Woods claims Radio George has on average 27,000 to 32,000 unique visitors each week.  On average, listeners stay on the site for just over 30 minutes, but seven percent of those tuning in stay for more than an hour.  Radio George listeners can be found, according to Woods, in thousands of cities spanning countries all over the world.

Can Internet Radio Be in Your Future?

As for making a living, Woods says you won’t get rich, but you also won’t starve either.

“Fortunately my wife has a good job and our bills are manageable,” says Woods, who admits he is not making the money he made when he worked for radio stations in markets including Kansas City, Omaha and St. Louis.  “But since I don’t have to pay those streaming costs, and I have solid advertising, so my bills are being covered by the advertising,” adds Woods who says he’s able to have a site that is in the black financially.  “I’m not making the same money I was making in terrestrial radio, but I’m paying my bills and turning a profit.”

As for the future, Woods believes Radio George is both a viable business model and one that will afford him a solid future in the digital domain.  He does caution that you can’t just create a website and think it will be the be-all-end-all.  According to Woods, it means you have to check your ego at the door and be prepared to work, and clearly think out of the box.

“I have seen music show hosts in many different sized markets who have been axed go all out to do a live show online, thinking that their audience will follow them to the internet and things will be just fine.  Almost all of these attempts fail,” says Woods, who reminds us that in any business model, there has to be a plan, and you can’t do it alone.

“This is mainly because of a lack of understanding that the most important thing needed to start building an audience in such a case is publicity.  A single local TV story about your efforts is not enough.  We’re talking a sustained marketing campaign in newspapers, TV, and online–advertising that costs money you will have to spend up front for more than a couple of weeks just to try to make people aware of where you’ve gone and what you’re doing, for starters.  Equally important is having someone to act as a local salesperson to sell sponsorships and/or advertising if you intend to stay and be a voice mainly in the radio market you are in.  These are the two major stumbling blocks.  Without them, all such efforts are doomed, with the possible exception of the top two or three markets in the country–and you still have to generate income to pay the bills.”

As for advice from someone who is carving their own niche on the internet, Woods believes there are some steps you need to follow, especially if you are going to create a music-based site, and that doesn’t just include contracting with a streaming service.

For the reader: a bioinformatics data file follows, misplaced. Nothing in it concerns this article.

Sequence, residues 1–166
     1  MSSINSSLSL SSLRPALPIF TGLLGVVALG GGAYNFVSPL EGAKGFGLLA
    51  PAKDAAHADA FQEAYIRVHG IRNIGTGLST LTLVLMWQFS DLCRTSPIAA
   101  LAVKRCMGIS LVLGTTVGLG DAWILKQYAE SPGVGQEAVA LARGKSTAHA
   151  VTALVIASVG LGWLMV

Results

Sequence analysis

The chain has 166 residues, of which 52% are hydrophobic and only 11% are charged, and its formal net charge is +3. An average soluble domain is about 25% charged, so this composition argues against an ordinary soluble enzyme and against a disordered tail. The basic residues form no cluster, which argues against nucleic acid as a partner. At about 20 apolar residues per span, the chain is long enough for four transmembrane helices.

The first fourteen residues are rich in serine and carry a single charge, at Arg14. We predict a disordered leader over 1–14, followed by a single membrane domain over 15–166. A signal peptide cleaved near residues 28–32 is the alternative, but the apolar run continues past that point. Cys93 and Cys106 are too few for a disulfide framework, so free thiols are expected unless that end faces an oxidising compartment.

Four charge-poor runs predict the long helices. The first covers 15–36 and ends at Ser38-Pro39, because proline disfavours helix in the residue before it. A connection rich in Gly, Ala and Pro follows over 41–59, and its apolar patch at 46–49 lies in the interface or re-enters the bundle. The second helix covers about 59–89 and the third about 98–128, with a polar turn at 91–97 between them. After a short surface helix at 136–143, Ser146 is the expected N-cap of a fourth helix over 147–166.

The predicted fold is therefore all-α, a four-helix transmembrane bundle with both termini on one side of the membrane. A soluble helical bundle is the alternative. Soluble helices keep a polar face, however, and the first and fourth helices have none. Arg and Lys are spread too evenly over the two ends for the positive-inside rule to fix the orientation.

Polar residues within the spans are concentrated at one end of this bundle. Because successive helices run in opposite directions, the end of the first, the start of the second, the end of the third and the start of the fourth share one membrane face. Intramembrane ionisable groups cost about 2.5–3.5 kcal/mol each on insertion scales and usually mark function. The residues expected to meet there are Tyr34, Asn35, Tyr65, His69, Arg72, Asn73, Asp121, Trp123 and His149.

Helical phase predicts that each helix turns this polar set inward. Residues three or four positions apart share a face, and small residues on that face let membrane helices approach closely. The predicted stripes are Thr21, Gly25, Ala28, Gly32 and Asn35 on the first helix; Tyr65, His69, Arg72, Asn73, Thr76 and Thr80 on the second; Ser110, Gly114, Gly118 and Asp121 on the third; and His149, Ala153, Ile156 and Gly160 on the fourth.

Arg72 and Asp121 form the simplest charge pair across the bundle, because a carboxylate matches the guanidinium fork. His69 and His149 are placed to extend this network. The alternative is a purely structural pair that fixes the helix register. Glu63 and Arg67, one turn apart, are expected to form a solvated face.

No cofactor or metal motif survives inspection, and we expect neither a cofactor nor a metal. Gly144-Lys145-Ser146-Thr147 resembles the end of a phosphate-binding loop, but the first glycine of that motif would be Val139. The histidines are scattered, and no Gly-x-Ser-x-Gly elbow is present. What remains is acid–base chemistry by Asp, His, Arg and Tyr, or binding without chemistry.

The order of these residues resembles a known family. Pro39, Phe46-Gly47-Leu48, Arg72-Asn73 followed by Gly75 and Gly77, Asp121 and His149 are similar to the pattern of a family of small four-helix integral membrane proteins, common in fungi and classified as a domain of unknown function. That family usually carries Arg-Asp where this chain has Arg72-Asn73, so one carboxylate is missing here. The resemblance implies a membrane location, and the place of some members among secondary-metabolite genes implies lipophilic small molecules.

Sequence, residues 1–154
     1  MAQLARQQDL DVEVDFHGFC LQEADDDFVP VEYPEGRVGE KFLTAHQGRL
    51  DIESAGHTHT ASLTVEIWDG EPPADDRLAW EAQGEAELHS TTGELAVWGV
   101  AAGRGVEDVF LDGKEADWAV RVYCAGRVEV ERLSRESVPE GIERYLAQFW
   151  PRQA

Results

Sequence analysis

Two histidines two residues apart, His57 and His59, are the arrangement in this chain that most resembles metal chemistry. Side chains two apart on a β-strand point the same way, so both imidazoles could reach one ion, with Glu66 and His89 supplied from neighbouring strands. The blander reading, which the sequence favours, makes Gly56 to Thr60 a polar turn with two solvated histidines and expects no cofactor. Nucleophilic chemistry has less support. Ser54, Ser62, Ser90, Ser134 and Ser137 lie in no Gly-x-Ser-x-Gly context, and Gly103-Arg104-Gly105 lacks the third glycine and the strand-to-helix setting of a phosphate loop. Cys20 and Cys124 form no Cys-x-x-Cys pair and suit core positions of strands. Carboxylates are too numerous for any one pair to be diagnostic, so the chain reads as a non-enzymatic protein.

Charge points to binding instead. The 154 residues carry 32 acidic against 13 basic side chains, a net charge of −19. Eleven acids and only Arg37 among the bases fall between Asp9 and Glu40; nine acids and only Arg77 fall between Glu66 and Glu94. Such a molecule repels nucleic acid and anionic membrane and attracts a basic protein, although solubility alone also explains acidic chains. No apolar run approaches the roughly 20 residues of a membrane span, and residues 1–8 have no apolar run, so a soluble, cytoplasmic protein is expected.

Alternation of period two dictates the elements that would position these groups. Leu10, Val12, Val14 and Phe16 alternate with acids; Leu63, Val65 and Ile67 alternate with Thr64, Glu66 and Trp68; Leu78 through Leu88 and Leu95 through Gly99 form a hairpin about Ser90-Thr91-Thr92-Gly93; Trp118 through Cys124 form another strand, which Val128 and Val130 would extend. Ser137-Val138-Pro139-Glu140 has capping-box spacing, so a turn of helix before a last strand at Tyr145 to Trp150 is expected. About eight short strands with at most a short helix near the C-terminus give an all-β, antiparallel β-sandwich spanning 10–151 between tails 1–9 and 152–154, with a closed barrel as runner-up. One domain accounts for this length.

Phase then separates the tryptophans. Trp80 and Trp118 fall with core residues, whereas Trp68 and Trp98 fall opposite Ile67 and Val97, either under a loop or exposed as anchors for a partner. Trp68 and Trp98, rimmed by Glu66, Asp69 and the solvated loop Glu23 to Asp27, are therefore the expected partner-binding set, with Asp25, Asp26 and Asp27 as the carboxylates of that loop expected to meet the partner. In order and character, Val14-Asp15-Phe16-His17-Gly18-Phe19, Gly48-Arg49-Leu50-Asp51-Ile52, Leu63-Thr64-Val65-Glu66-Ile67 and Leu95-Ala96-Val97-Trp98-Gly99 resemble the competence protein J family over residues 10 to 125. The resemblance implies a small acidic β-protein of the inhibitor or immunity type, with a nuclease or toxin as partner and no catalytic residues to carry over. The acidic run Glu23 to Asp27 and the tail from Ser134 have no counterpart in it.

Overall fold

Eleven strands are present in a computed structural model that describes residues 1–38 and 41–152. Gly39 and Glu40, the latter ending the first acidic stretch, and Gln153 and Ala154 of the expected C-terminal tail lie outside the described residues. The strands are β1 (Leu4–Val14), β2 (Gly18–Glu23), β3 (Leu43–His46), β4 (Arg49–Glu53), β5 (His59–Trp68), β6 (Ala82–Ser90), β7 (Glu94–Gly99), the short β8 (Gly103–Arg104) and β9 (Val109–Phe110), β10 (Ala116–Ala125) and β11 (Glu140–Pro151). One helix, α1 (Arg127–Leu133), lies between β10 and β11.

“You’ll need some type of radio broadcasting software, just like the ones in commercial use currently [AM/FM] for music/spot/promo scheduling, etc., which you’ll need to do a show. Trying to just talk and play mp3 files will not cut it. You’ll also need some type of recordkeeping software to keep track for each piece of music played and the number of times it gets played for music licensing reporting and royalty payments. You’ll also need to contract the music licensing companies: BMI, ASCAP, SESAC, and Sound Exchange, the internet performance royalty company,” says Woods who points out it doesn’t end there.

”It’s best to have a single high-speed computer dedicated just to the broadcast operation, and a working backup of the entire thing in case the main one craps out.  We’re talking an investment of between $1,000 to $2500, not counting the computer, just to get started. This does not include any publicity/promotional costs.”

As for what else you’ll need to get up-and-running, Woods says along with the right equipment, hire a sales pro.

“You say, ‘I’ll be my own salesman?’ Forget it. You simply won’t have the time to do that with a daily live show.

“Is this radio?  I say it is.  Only the method of transmission is different,” says Woods.

You can check out the Radio George website here.   http://www.radiogeorge.com

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Jeff McKay, a veteran New York-based operations manager, newsman and traffic reporter, is a special features correspondent for RadioInfo.  He can be emailed at McKayway@aol.com.

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Category: Digital, Features